• Reassure the animals that they will be fed their normal food, supplements, and medicine. 

    • Tell them what the caretaker will do:  groom them, take them for a walk, play with them, clean their cage or litter box, whatever.  You can say:  “I’ll make sure you have your own food, bed, and toys.”

  • Tell them you will miss them and be sending them love from your heart while you are gone.

    • Use the “While Traveling” technique described below to communicate with your animal while you are away.

“While Traveling” Technique

Each day while traveling, you can communicate with your animal friends, sending love, reassurance, and updates (mental postcards) about your trip.  You will probably find this is a relaxing moment for yourself.  Your animals will appreciate your daily contact.

  • Lie on a bed or sit comfortably in a chair or cross legged.

  • Take 3 deep breaths, and on each exhalation, imagine any stress you are feeling is flowing out with your breath.

  • Breathe normally, and pay attention to your breath, watch it going in and out for a minute or two.

  • See, feel, allow, imagine you are in your heart center (a space in the middle of your chest).

  • Just be in your heart center and connect with the Unconditional Love that lives there in unlimited quantities.

  • See, feel, allow, imagine your animal friend in your heart center with you. 

  • Say hello to him/her and imagine yourself holding them as if you were actually physically present. 

  • Imagine stroking or petting or grooming them for as long as you wish.

  • Talk to your animal friend, just as if you were with them.  Tell them about your day.  Tell them how much you love and miss them.  Remind them you will be home in ___ (fill in number) of days.  Tell them you will “visit” them again tomorrow.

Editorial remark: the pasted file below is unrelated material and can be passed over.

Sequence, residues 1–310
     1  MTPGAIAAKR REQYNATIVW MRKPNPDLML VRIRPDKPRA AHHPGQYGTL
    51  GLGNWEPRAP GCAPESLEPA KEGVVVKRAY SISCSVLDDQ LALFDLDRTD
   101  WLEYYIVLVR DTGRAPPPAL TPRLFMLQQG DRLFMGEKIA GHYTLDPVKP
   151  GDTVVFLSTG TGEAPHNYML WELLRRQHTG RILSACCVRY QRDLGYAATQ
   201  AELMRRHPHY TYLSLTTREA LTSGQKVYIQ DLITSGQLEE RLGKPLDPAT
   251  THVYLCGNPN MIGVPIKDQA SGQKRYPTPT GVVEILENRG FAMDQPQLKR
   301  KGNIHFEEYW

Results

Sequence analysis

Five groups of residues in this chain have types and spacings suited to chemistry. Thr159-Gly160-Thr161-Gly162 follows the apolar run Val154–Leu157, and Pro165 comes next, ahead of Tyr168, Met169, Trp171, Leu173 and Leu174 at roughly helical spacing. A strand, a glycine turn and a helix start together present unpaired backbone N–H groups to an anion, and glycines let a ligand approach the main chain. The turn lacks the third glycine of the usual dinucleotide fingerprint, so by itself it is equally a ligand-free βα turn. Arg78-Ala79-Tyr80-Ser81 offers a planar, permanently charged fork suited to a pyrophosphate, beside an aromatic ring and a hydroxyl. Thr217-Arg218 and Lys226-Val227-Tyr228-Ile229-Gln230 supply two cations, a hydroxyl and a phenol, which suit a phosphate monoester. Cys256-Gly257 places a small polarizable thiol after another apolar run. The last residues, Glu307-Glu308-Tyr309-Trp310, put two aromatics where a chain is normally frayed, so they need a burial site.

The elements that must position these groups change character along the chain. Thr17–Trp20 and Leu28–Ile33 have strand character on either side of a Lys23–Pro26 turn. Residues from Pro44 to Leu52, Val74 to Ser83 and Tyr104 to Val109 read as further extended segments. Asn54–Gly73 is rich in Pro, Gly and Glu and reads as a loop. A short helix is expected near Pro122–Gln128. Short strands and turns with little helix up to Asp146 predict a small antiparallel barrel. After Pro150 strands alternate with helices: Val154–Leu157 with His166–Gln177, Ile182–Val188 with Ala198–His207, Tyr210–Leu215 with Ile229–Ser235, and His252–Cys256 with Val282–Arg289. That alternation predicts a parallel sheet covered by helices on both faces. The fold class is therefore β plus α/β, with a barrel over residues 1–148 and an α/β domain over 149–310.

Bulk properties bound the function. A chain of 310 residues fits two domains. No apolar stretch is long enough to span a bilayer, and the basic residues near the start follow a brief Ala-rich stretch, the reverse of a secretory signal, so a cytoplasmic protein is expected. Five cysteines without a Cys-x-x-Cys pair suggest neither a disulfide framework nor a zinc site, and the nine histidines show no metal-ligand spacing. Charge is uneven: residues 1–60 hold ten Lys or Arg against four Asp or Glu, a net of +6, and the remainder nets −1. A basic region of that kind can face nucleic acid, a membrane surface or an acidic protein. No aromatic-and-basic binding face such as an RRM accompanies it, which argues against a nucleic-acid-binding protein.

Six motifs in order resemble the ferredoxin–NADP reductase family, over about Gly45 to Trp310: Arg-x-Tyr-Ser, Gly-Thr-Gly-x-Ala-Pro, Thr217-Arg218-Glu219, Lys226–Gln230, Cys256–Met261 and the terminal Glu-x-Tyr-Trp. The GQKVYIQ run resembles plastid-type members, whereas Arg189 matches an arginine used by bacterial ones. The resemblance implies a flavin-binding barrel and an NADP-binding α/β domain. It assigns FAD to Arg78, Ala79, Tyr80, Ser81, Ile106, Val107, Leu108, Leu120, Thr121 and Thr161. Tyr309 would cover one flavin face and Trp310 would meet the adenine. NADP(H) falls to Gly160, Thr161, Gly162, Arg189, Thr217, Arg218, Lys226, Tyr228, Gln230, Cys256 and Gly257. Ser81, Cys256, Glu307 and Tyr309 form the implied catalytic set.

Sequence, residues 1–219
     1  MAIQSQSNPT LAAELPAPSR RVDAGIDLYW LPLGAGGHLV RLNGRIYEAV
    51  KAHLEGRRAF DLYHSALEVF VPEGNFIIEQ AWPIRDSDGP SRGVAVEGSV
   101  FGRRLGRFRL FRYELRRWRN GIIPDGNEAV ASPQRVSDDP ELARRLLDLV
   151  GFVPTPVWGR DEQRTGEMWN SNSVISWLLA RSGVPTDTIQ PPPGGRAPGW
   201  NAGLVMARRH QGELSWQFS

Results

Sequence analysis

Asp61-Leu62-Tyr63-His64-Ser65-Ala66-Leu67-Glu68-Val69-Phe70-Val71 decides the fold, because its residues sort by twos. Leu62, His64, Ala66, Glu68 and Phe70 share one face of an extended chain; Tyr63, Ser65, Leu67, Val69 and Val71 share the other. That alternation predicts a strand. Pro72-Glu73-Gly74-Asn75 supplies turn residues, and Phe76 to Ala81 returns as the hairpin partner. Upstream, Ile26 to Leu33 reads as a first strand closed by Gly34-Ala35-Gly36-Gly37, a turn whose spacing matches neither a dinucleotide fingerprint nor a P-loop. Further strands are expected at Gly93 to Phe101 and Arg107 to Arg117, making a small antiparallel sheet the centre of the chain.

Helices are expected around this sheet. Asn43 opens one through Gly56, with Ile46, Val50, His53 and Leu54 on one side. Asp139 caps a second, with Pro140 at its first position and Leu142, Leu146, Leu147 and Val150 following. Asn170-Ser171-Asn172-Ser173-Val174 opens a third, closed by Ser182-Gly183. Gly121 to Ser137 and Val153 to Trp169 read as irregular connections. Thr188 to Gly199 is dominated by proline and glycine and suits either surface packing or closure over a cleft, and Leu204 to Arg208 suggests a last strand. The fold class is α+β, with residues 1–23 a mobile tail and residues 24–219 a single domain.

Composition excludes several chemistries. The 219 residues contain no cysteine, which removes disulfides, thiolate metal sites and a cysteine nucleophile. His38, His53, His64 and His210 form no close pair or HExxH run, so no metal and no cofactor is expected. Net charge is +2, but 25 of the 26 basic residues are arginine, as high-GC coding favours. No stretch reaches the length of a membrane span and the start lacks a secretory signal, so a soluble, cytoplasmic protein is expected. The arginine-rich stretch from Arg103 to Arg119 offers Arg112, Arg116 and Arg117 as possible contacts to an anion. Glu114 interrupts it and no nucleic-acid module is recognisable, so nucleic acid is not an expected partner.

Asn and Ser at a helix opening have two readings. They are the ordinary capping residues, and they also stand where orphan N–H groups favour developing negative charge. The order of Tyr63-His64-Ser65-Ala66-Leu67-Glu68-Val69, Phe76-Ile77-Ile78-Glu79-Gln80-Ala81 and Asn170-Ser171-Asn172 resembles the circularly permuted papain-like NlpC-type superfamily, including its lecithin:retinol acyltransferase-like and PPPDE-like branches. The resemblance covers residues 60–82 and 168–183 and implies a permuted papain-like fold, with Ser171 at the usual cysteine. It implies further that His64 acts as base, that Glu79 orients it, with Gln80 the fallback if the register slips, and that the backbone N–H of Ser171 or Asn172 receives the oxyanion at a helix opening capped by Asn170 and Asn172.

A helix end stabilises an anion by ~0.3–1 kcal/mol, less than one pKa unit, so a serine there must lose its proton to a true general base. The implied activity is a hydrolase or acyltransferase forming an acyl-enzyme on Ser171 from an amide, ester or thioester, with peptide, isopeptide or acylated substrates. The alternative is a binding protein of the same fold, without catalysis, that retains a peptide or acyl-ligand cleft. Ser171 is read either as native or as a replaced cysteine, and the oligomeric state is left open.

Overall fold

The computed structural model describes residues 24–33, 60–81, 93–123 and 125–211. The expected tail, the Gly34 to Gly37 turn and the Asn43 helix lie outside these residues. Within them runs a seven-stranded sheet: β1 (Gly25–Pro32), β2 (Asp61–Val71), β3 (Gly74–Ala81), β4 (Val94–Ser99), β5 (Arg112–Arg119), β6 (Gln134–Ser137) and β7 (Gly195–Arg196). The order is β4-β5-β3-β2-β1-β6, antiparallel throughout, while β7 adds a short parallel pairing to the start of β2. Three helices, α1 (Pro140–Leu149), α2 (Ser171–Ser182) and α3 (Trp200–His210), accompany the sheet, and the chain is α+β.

When clients of mine have used these techniques, they have  consistently reported success. 

Kathy has many birds and a regular helper to take care of them.  While visiting Hawaii, her helper called to say that Pidge, a rescued wild pigeon, had stopped eating.  Kathy asked me what to do.  When birds stop eating they can sicken and die very quickly.  I gave Kathy the “While Traveling” instructions, which Kathy immediately began to use.  Kathy’s helper saw an immediately change in Pidge the very first time Kathy used the technique:  Pidge became more relaxed and began to eat.  Everyone was relieved and Kathy was able to enjoy the rest of her trip while “visiting” Pidge daily.

Whenever Elaine went on a 3-day weekend with a friend, her cat, Marie, would ignore her for 24 hours after she returned.  I suggested Elaine follow the instructions for “Before You Leave”, telling Marie where she was going and with whom, when she would leave and return, and about Marie’s care while Elaine was gone.  When Elaine tried this, for the first time ever, Marie didn’t “scold” Elaine when she returned.  Instead the cat greeted Elaine as if she had been gone only a few hours, rubbed against her legs, sat in her lap during the evening, and slept with her in bed that night, all of which was their normal routine.

Annette had been desensitizing Skip, her rescued German Shepherd, to get used to the idea that staying at a kennel can be fun and is not abandonment.  Still, Skip was having a difficult time with it, and Annette had a trip to take where the dog couldn’t go.   I suggested to Annette that she use both the “Before You Leave” and “While Traveling” techniques, which Annette was willing to do.  As a result, she now has a dog whose separation anxiety is dramatically reduced and Annette is able to go away whenever she needs to travel.

If you have to be away on a trip, give these methods a try.  You may find that not only are your animals feeling better about your being away, but you, yourself, may feel more comfortable with the idea of traveling and leaving your animal family members at home.